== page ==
Successful protests to remain a shrimp-free zone in Polder 22, Khulna, Bangladesh

In the widespread resistance to the Bangladesh shrimp industry, a special case is the relative success of Polder 22 in remaining a shrimp-free zone. In 1990 the landless leader Karunamoyee Sardar was shot and killed.


Structural adjustment programmes imposed on Bangladesh by the World Bank and the International Monetary Fund since the 1980s provided ample opportunities to earn high foreign exchange by venturing into export oriented activities. During the second half of the 1980s, major international banks and development agencies began financing projects for promoting commercial shrimp production in Bangladesh; the World Bank and the UNDP funded the Shrimp Culture Project in 1986 and the Third Fisheries Project in 1991, while the Asian Development Bank supported another shrimp project in Chittagong in south-eastern Bangladesh (Adnan, 2013). These projects allowed for large scale land grabbing, by any means necessary, in the coastal districts for commercial aquaculture. This transition from agriculture to aquaculture was facilitated by armed representatives and strong political leaders who used sluice gates in the polders designed to flood the islands. Once the land is waterlogged, there wasn’t much the local communities could do, unless the local anti-shrimp community groups or village committees could regain control of the sluice gates to let the water out.

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Basic Data
NameSuccessful protests to remain a shrimp-free zone in Polder 22, Khulna, Bangladesh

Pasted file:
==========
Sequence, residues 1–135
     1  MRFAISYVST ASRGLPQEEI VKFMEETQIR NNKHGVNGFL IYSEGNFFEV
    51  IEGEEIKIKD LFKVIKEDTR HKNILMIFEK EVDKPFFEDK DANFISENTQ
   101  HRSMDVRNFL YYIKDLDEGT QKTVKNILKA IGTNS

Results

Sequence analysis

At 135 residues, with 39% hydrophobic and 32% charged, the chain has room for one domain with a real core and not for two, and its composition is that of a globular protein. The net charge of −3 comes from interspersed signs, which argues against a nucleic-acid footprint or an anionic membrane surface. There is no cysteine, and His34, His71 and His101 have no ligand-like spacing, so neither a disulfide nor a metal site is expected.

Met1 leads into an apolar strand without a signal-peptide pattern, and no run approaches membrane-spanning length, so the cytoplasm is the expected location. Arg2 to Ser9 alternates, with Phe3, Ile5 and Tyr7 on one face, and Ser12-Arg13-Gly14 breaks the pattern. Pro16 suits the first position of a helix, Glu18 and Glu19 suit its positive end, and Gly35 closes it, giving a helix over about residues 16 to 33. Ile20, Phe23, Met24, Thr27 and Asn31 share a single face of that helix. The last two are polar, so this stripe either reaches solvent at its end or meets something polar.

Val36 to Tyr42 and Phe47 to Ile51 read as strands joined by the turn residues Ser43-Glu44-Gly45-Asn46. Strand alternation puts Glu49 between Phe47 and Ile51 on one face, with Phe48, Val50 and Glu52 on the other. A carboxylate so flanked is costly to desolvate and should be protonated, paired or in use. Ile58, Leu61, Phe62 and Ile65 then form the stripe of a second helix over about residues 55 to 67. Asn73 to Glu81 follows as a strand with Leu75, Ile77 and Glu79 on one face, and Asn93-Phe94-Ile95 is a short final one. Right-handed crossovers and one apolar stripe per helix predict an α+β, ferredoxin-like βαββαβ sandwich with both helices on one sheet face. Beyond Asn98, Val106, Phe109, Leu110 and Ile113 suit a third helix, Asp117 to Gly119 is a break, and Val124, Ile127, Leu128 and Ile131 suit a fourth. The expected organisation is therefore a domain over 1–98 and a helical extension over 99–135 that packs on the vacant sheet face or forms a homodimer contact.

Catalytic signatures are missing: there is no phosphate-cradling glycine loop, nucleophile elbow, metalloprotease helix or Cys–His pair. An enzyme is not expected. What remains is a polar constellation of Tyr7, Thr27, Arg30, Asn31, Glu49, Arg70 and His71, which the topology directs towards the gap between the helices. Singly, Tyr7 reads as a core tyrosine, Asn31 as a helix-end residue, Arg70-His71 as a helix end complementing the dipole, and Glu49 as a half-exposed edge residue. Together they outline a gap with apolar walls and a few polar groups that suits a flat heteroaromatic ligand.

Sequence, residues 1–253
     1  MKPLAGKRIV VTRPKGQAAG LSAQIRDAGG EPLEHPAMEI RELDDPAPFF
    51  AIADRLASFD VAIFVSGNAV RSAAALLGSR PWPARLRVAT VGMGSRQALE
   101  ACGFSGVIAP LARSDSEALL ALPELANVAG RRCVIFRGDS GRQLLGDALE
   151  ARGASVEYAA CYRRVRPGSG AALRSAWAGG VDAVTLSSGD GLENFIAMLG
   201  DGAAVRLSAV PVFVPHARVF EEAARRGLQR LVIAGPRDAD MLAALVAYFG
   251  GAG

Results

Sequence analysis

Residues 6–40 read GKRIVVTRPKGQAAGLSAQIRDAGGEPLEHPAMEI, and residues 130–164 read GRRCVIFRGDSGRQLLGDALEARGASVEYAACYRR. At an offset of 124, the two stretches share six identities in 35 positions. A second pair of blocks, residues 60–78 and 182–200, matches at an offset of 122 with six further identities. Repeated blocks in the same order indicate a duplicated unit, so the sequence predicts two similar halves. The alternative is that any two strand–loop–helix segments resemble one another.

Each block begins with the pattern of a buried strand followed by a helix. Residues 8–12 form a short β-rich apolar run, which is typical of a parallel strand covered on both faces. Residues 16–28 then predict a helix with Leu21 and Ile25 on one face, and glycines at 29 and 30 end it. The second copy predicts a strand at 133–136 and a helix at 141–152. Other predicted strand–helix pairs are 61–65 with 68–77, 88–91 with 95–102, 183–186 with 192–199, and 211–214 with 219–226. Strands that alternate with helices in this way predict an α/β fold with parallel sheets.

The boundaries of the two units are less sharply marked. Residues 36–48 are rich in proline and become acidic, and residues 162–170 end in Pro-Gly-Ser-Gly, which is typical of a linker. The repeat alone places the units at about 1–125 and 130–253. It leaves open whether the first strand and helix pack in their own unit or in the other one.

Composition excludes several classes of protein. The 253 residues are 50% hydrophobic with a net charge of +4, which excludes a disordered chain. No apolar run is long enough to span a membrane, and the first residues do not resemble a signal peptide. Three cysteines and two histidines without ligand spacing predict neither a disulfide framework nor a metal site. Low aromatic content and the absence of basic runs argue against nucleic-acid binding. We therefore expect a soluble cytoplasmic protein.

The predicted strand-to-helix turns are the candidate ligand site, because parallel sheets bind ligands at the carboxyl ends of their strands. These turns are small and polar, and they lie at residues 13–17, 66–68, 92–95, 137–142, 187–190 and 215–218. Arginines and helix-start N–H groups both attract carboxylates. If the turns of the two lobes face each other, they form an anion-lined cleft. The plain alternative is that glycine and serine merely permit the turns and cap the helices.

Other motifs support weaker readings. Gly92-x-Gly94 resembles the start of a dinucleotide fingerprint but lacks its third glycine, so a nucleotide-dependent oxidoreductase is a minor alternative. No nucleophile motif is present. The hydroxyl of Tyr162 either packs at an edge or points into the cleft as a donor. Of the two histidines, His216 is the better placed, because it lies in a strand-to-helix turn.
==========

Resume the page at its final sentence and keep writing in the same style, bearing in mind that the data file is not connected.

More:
ProvinceKhulna district
SitePolder 22
Accuracy of LocationMEDIUM regional level
Source of Conflict
Type of Conflict (1st level)Biomass and Land Conflicts (Forests, Agriculture, Fisheries and Livestock Management)
Type of Conflict (2nd level)Land acquisition conflicts
Aquaculture and fisheries
Specific CommoditiesLand
Project Details and Actors
Project DetailsThere was an attempt to turn Polder 22 with 1485 ha in to shrimp farms. It was resisted by local inhabitants.
Project Area (in hectares)1,485
Type of PopulationRural
Potential Affected Population10,700
Start Date01/01/1985
Relevant government actorsBangladesh Government, Department of Fisheries
International and Financial InstitutionsThe World Bank (WB) from United States of America
International Monetary Fund (FMI)
Food and Agricultural Organisation (FAO)
Environmental justice organisations and other supportersKarunamoyee Martyr - Observance Committee Day, Environmental Justice Foundation (EJF) - UK, Nijera Kori, Asia Solidarity Against Industrial Aquaculture
The Conflict and the Mobilization
Intensity of Conflict (at highest level)HIGH (widespread, mass mobilization, violence, arrests, etc...)
When did the mobilization beginIn REACTION to the implementation (during construction or operation)
Groups MobilizingFarmers
Indigenous groups or traditional communities
International ejos
Local ejos
Landless peasants
Fisher people
Forms of MobilizationBlockades